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Farming columnist with The Clare Echo, Joe Melody says all farming representative bodies need to unite in opposition to the Suckler Carbon Efficiency Programme.

The Chinese New Year starts in February but on ours and many other grass based farms the grazing year starts in August.

That statement might at first make little sense but the month of August is when we start to build grass so as to extend our cows grazing season into late autumn and dare I say it winter. From now on it is our imperative to build enough grass on farms but not too much as in that case autumnal graze outs could be poor and this will leave a patchy sward for spring 2022 and reduce the amount of grass available to freshly calved cows.

August is also harvest on tillage farms across the country, granted these type of farms are few and far between in Co. Clare but as a dairy farmer it can be a great month for harvesting milk solids as cows are still milking decent output but their butterfat and protein is on the up.

The Department of Agriculture has outlined the details of its proposed Suckler Carbon Efficiency Programme and rather than this being a vehicle to drive progress in the Suckling industry, it is in effect a modern day Suckler cow quota. The scheme will prevent participants from increasing their suckler cow numbers over the duration of their contract with the scheme. This scheme is taking up where the BDGP and BEEP schemes left off.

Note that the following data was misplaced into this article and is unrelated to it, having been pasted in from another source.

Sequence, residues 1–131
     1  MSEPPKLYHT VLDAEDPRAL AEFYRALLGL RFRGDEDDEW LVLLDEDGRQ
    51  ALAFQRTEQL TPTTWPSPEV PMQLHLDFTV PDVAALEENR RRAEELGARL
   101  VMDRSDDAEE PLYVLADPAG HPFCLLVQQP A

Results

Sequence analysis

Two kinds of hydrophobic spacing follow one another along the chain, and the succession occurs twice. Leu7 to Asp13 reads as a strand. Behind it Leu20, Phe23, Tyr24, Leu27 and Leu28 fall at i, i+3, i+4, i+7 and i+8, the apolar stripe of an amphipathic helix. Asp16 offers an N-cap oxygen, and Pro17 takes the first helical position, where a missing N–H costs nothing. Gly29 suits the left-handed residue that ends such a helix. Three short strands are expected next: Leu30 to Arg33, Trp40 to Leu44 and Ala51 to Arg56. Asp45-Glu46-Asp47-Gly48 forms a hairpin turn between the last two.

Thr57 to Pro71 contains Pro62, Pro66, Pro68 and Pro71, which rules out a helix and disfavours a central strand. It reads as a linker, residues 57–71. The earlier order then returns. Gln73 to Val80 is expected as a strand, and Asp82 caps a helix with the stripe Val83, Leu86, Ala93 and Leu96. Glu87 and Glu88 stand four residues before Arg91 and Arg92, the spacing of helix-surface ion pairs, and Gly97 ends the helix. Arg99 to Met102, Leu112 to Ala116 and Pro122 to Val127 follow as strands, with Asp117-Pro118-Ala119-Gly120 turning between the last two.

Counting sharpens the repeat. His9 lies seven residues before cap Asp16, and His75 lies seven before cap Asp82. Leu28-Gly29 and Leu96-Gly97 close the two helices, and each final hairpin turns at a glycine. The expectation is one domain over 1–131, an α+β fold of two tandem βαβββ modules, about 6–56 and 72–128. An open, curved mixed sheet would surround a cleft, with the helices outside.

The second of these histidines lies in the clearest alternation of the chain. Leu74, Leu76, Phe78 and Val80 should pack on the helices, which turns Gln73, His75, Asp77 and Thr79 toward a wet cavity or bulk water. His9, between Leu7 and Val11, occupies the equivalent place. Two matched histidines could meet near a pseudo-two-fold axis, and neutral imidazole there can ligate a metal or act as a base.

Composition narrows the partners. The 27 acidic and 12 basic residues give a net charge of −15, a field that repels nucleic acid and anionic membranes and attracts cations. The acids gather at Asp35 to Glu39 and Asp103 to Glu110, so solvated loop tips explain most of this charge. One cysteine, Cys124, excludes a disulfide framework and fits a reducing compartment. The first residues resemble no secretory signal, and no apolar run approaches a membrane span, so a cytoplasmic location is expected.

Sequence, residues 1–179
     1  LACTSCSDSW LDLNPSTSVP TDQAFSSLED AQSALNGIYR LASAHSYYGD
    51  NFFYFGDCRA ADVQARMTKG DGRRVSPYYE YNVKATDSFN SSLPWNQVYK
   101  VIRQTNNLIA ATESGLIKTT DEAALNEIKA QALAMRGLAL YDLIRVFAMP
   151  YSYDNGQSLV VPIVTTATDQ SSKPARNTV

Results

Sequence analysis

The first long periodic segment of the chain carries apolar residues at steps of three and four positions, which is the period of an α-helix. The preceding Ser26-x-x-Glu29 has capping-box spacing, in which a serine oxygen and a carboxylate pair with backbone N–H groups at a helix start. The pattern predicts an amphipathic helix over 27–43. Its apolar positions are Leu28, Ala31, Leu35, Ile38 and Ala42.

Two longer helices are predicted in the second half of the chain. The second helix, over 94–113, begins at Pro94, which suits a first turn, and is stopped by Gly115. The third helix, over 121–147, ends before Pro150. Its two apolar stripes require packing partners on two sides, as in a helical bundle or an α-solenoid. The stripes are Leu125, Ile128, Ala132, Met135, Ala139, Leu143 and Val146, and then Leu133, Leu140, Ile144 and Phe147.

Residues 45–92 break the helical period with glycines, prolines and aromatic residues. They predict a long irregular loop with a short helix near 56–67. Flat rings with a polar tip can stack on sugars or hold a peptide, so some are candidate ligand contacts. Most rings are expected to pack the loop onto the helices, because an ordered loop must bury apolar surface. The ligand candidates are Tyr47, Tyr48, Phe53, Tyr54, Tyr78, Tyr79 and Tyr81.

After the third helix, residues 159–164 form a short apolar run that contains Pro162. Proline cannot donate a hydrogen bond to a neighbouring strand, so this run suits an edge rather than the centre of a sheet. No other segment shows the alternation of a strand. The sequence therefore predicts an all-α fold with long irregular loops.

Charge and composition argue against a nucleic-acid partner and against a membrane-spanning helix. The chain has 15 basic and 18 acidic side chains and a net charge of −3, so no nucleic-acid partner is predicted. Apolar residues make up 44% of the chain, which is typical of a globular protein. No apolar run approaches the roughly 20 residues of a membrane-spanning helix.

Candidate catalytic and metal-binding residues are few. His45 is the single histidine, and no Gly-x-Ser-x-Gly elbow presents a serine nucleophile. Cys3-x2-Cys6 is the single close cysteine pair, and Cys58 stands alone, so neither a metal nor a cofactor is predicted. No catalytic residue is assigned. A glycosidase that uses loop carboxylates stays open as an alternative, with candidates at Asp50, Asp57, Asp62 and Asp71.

In my experience neither of those schemes did much to progress the suckler farmer’s lot, rather they enrolled him in further form filling, and pushed him down a route of breeding by numbers in mandating him to use certain bulls with high star ratings. These breeding strategies only served in many cases to dilute the quality of our national suckler herd.

In Ireland our average suckler cow herd is 17 cows, in many cases there would be scope to expand and improve efficiencies to allow for a better return on these herds. However this scheme has shut the door to any increased productivity by capping of cow numbers. Our national suckler herd cannot be the sacrificial lamb for climate mitigation. These type of schemes deflate the industry and lower expectations as to where the suckler industry can go. Sometimes when stagnation is mandated it actually leads to the receding of cow numbers.

We need only look to the dairy industry and see what decades of milk quotas did to the energy and direction of that sector. I remember in the noughties, the farming papers often carried stories of how such a farmer had left dairying and went into some diversification whether it be keeping ostriches or growing pumpkins. The farmer would usually cite the cost of purchasing milk quota as the last straw that dissuaded them from expanding. This had a knock on effect as it was clear to the next generation there was no part to play for them on the farm.

All farm representative bodies need now to unite and vehemently oppose this regressive scheme. Our elected representatives would do well to remember that Ireland is a small open economy and we cannot afford to put a key sector of our economy under a policy induced anaesthesia.

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